May 17, 2006
Yard Sale Or Side Business
When does cleaning out the attic and selling old stuff on the lawn change from a fun family activity into a business endeavor? The answer depends on how many yard sales a family holds a year, said Riverhead Town Board members at last Thursday's work session,
A fee of $5 will permit any homeowner three yard sales per year. With some residents clamoring for more, the board decided that four would be an agreeable number for the same price. "One per quarter," said Councilman George Bartunek. The board is expected to hold a public hearing on the matter in the near future.
Go Karts For Town?
The board once again discussed F1 Long Island's plan for a Go Kart facility on Edwards Avenue. The property is suitable for a sports/recreation facility, however, the go kart concept, "might not be right for our zoning," said Riverhead Town Supervisor Phil Cardinale.
Citing the possible negative effects the facility's noise will have on nearby "breeding mares and jumpy golf clubbers," Cardinale insisted that more research be conducted on how such noise would effect breeding horses before discussions can continue.
Paumanok Vineyard owner Charles Massoud approached the town board with his concerns regarding tent issues. Massoud, who uses a tent "as a large umbrella" to protect his customers from the elements while standing on his deck on rainy days, said he did not understand why he was required to file a Chapter 90 event permit for such a use. Massoud requested that he be exempt from the requirement.
Town Attorney Dawn Thomas discussed the matter with Massoud, who said he felt as though he was being "discriminated against" and said he did not understand why he was being asked to file for a Chapter 90 just to conduct normal business at his operation.
Thomas explained that Chapter 90s are required for a spectator-attended, special one-time event of up to eight weeks that will host more than 200 people. The recent Jimmy Buffet concert at Martha Clara required a Chapter 90.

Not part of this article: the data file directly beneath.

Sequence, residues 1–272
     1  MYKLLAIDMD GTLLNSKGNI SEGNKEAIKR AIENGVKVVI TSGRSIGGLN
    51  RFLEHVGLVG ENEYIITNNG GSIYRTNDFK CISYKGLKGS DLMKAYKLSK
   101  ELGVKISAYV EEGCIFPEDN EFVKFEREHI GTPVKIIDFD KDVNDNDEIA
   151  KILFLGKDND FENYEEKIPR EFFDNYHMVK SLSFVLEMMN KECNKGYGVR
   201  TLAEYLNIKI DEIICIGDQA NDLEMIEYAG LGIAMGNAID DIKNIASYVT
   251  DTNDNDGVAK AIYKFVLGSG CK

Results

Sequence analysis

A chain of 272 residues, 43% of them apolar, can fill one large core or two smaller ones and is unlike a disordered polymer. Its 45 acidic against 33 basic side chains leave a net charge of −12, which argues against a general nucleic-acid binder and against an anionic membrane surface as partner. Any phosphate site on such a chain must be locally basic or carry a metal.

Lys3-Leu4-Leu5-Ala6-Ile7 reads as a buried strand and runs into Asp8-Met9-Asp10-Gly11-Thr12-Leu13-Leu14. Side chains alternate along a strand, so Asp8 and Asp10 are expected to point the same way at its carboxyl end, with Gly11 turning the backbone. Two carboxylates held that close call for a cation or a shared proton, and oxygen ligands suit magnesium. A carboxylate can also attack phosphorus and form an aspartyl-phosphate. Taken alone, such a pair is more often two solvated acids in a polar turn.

Thomas pointed out that two issues were under discussion. In addition to Chapter 90 requirements, under the building code, a tent of a certain size might be considered a structure and require a permit. Councilman Ed Densieski suggested the onus for permits be put on tent companies.
Cardinale advised Massoud to take a close look at the town code, and said he believes Massoud should not have to file for a Chapter 90 for most uses of a tent on his property.
Contaminated sand at the town landfill has long been a concern, and last Thursday, the board met with members of Long Island Compost to discuss options for getting rid of the sand at the least expense. According to Ken Testa, a number of possibilities exist, including shipping the soil out as residual solid waste or sending it to the Brookhaven landfill. Another option was composting the soil, or mixing it with mulch and wood waste. The board said composting could be a cost effective option, especially considering topsoil would be needed in the reclamation project to restore slopes and sandy areas.
Councilwoman Barbara Blass voiced concerned over whether the sand would be totally clean and safe, and Charles Vigliotti, president and CEO of Long Island Compost, assured that it would be. Cardinale suggested getting additional information from the DEC, as well as investigating the numbers for each proposal carefully before making a final decision.